Barium nitrate

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Barium nitrate
Dusicnan barnaty.JPG
Barium nitrate.png
Other names
Barium dinitrate,
, barium salt
3D model (JSmol)
ECHA InfoCard 100.030.006 OOjs UI icon edit-ltr-progressive.svg
EC Number
  • 233-020-5
PubChem CID
RTECS number
  • CQ9625000
UN number 1446
  • InChI=1S/Ba.2NO3/c;2*2-1(3)4/q+2;2*-1 Yes check.svgY
  • InChI=1/Ba.2NO2/c;2*2-1(3)4/q+2;2*-1
  • [Ba+2].[O-][N+]([O-])=O.[O-][N+]([O-])=O
Molar mass 261.337 g/mol
Appearancewhite, lustrous crystals
Odor odorless
Density 3.24 g/cm3
Melting point 592 °C (1,098 °F; 865 K) (decomposes)
4.95 g/100 mL (0 °C)
10.5 g/100 mL (25 °C)
34.4 g/100 mL (100 °C)
Solubility slightly soluble in acetone, and ethanol [1]
-66.5·10−6 cm3/mol
GHS labelling:
GHS-pictogram-rondflam.svg GHS-pictogram-skull.svg GHS-pictogram-exclam.svg
H272, H301, H302, H319, H332
P210, P220, P221, P261, P264, P270, P271, P280, P301+P310, P301+P312, P304+P312, P304+P340, P305+P351+P338, P312, P321, P330, P337+P313, P370+P378, P405, P501
NFPA 704 (fire diamond)
Flash point noncombustible [2]
Lethal dose or concentration (LD, LC):
355 mg/kg (oral, rat)[ citation needed ]
187 mg/kg (rat, oral) [3]
79 mg Ba/kg (rabbit, oral)
421 mg Ba/kg (dog, oral) [3]
NIOSH (US health exposure limits):
PEL (Permissible)
TWA 0.5 mg/m3 [2]
REL (Recommended)
TWA 0.5 mg/m3 [2]
IDLH (Immediate danger)
50 mg/m3 [2]
Supplementary data page
Barium nitrate (data page)
Except where otherwise noted, data are given for materials in their standard state (at 25 °C [77 °F], 100 kPa).
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Barium nitrate is the inorganic compound with the chemical formula Ba(NO3)2. It, like most barium salts, is colorless, toxic, and water-soluble. It burns with a green flame and is an oxidizer; the compound is commonly used in pyrotechnics. [4]


Manufacture, occurrence, and reactions

Barium nitrate is manufactured by two processes that start with the main source material for barium, the carbonate. The first involves dissolving barium carbonate in nitric acid, allowing any iron impurities to precipitate, then filtered, evaporated, and crystallized. The second requires combining barium sulfide with nitric acid. [4]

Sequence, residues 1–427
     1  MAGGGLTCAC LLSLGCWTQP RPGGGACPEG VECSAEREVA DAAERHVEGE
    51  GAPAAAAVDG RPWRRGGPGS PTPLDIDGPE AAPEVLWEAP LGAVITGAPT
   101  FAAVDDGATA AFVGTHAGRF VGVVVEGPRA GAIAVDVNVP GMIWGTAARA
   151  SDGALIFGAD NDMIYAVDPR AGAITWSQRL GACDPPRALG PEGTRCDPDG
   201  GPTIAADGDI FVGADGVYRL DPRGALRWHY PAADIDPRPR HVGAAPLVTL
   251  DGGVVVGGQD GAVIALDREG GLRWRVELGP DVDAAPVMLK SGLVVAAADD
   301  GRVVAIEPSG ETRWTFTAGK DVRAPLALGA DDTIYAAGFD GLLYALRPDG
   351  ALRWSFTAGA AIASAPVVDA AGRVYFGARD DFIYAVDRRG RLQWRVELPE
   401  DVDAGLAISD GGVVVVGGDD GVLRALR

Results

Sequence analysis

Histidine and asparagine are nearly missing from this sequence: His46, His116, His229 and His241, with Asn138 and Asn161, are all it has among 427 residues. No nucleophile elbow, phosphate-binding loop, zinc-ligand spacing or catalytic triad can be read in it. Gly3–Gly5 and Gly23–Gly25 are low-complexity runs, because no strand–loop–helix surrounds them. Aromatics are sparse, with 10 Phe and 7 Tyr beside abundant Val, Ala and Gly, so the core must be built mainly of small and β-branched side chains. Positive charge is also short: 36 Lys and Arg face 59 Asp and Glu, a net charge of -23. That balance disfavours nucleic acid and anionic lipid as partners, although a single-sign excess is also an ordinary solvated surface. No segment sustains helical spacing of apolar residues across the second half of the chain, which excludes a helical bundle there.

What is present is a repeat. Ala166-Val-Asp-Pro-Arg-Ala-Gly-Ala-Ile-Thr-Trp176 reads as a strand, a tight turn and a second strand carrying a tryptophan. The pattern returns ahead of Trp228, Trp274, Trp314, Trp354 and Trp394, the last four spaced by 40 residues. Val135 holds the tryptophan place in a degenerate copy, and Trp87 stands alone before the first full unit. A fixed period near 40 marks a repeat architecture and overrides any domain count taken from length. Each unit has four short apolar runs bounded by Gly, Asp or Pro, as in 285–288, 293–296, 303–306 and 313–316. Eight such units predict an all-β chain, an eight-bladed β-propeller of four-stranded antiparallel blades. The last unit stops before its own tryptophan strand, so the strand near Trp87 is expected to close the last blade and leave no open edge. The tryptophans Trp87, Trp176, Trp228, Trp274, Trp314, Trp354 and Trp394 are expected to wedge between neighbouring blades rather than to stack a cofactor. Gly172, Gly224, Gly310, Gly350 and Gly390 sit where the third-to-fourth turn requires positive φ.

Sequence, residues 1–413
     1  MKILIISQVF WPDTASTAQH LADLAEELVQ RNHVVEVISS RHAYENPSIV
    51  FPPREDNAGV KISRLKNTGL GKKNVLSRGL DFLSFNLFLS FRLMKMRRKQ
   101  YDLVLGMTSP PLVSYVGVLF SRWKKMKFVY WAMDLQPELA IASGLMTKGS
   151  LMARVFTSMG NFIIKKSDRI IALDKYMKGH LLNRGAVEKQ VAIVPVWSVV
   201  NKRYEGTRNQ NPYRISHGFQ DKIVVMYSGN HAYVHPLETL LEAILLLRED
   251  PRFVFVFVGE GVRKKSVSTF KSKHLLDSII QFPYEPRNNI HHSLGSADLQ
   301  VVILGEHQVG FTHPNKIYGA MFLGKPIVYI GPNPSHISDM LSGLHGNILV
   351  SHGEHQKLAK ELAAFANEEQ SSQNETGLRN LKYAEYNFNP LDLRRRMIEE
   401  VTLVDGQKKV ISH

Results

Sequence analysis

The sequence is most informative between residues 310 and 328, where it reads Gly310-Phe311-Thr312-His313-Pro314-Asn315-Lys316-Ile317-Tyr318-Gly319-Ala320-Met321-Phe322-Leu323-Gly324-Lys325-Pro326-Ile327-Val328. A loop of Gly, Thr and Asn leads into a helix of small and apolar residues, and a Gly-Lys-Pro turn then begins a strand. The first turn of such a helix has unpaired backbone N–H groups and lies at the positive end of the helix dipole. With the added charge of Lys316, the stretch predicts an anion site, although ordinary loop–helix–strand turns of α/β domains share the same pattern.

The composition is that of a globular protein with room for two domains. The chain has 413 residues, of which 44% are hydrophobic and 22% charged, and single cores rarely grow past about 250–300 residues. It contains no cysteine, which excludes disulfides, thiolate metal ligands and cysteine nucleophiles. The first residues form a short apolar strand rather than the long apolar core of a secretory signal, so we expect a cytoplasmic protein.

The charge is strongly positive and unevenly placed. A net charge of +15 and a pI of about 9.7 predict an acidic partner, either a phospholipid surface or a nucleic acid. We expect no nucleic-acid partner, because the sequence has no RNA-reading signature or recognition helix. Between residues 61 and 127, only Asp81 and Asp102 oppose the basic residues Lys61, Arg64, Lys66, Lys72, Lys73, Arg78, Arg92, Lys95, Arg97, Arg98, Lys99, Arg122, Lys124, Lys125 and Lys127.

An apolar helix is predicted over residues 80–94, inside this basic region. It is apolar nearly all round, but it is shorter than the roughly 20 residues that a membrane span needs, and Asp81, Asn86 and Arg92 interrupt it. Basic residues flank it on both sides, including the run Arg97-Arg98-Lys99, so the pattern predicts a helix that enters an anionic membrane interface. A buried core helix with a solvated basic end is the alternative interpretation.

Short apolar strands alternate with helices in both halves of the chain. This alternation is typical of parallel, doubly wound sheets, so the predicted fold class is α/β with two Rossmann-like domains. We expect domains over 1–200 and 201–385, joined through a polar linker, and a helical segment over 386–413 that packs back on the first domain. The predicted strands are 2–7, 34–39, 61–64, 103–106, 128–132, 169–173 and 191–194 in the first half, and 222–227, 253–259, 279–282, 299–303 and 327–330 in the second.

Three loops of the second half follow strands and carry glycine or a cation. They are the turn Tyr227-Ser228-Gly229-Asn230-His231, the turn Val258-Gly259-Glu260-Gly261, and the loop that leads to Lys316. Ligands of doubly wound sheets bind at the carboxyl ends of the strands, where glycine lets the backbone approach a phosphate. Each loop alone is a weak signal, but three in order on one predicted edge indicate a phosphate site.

It occurs naturally as the very rare mineral nitrobarite. [5] [6]

At elevated temperatures, barium nitrate decomposes to barium oxide:

2Ba(NO3)2 → 2BaO + 4NO2 + O2


Barium nitrate is used in the production of BaO-containing materials.


Although no longer produced, Baratol is an explosive composed of barium nitrate, TNT and binder; the high density of barium nitrate results in baratol being quite dense as well. Barium nitrate mixed with aluminium powder, a formula for flash powder, is highly explosive. It is mixed with thermite to form Thermate-TH3, used in military thermite grenades. Barium nitrate was also a primary ingredient in the "SR 365" incendiary charge used by the British in the De Wilde incendiary ammunition with which they armed their interceptor fighters, such as the Hawker Hurricane and Supermarine Spitfire, during the Battle of Britain. [7] It is also used in the manufacturing process of barium oxide, the vacuum tube industry and for green fire in pyrotechnics.


Like all soluble barium compounds, barium nitrate is toxic by ingestion or inhalation. [8]

Solutions of sulfate salts such as Epsom salts or sodium sulfate may be given as first aid for barium poisoning, as they precipitate the barium as the insoluble (and non-toxic) barium sulfate.

Inhalation may also cause irritation to the respiratory tract.

While skin or eye contact is less harmful than ingestion or inhalation, it can still result in irritation, itching, redness, and pain.

The Occupational Safety and Health Administration and the National Institute for Occupational Safety and Health have set occupational exposure limits at 0.5 mg/m3 over an eight-hour time-weighted average. [9]

Related Research Articles

Barium Chemical element, symbol Ba and atomic number 56